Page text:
Layoffs? You Ain't Seen Nothin' Yet

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The job-cut announcements since last summer were only a prologue. The worst damage still lies ahead.

That message - which we spotlighted in "Our Take columns" on Jan. 11 and Feb. 1 - received further documentation and elaboration this week in The Wall Street Journal.

Bearing the scary headline, "Grim Reaper of Jobs Stalks the Street," Dennis Berman's "The Game" column warns that top Wall Street executives foresee the industry's work force shrinking as much as 20 percent, which would take job rolls back to "mid-1990s levels."

Lehman Brothers' 5 percent layoff, announced Monday, is "just the start," says the Journal. "Many privately say industry layoffs will be worse than in the 2001-2002 down cycle. Others are already invoking the bloodlettings of the early 1990s."

Wall Street recruiters say they're deluged with resumes already. Options Group told the Journal an average of 100 pour in each day, and only 3 percent of them will get placed. Recruiters have been giving eFinancialCareers similar reports since mid-January.

Predictions for further, substantially larger layoffs are rooted in the ongoing deterioration of key investment bank revenue streams. The continued decline of merger, underwriting and lending business belies the whistling-past-the-graveyard mood that many bank chiefs adopted in the early months of the downturn, and a few are sticking with to this day.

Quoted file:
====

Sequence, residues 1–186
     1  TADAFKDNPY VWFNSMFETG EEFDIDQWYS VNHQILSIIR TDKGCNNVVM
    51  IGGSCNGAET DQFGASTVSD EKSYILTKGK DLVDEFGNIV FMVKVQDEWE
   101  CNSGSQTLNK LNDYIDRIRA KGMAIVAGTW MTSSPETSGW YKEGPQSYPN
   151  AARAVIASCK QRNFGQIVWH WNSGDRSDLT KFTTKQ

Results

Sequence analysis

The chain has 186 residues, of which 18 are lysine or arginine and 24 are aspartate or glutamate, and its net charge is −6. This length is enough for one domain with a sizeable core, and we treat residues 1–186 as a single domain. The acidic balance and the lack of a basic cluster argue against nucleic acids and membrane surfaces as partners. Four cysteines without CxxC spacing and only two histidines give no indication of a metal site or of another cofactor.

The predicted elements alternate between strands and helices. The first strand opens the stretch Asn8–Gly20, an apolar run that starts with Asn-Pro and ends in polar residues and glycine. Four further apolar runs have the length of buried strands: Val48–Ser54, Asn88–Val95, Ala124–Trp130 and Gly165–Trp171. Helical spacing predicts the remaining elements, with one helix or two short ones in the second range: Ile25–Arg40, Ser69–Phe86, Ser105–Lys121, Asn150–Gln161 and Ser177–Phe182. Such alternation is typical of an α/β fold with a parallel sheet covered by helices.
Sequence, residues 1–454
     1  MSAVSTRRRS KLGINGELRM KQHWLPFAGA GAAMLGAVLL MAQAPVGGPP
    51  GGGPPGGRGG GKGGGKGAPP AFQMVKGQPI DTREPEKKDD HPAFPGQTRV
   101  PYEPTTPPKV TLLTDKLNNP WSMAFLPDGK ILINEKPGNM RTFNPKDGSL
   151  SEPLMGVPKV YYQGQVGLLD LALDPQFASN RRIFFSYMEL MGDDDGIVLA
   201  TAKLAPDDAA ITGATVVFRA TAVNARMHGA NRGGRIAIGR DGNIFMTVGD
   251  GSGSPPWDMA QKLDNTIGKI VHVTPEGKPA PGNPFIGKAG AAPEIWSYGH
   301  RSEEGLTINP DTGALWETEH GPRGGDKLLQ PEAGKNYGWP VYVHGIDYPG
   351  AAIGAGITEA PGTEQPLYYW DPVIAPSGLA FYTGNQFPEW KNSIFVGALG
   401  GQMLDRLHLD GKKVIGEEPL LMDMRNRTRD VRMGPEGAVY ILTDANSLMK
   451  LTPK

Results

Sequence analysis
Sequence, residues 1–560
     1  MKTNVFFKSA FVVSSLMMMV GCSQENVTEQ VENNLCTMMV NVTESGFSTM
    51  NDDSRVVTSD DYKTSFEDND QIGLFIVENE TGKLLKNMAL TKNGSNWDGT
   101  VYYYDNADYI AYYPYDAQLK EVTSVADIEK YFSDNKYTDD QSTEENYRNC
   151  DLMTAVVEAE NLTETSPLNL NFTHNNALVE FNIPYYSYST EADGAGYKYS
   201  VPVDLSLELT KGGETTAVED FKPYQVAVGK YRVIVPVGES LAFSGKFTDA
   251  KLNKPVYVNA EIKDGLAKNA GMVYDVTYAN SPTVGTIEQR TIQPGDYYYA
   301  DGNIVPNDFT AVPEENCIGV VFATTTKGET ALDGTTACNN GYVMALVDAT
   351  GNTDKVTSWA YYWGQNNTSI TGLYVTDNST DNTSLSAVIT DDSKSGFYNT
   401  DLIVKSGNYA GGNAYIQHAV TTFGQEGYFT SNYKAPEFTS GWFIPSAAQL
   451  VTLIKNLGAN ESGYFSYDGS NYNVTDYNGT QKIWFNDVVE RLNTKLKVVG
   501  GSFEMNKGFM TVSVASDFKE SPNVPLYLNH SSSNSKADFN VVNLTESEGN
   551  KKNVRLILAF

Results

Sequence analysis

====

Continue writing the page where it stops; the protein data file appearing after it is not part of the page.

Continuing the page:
Citing recent Dealogic figures, the Journal reports U.S. investment-banking fees are off 48 percent from a year ago, lending revenues have collapsed 84 percent, mergers are down about 50 percent, and debt and equity underwriting fees are each off by 21 percent. Some corporate lending bankers are reporting to work only two days a week, the paper says.

Banks held back from deeper job cuts on the rosy assumption that credit markets would soon recover. Instead, things are getting worse. Commenting on its fourth-quarter results Monday, Blackstone Group President Hamilton James said he doesn't expect conditions to improve until 2009. Lehman could end up chopping staff by a further 5 percent - on top of the 5 percent layoff reported this week - an unnamed insider told the Journal.

Within investment banking divisions, the story says the ax is most likely to fall on technical experts - "the wonkier types who actually execute the transactions." Conversely, banks will strive to hold onto bankers with the best personal relationships, so as to maintain their "coverage platforms." Other payroll-paring tactics might include furloughing associates for a year, cutting bonuses, and kicking senior bankers upstairs with reduced compensation packages.

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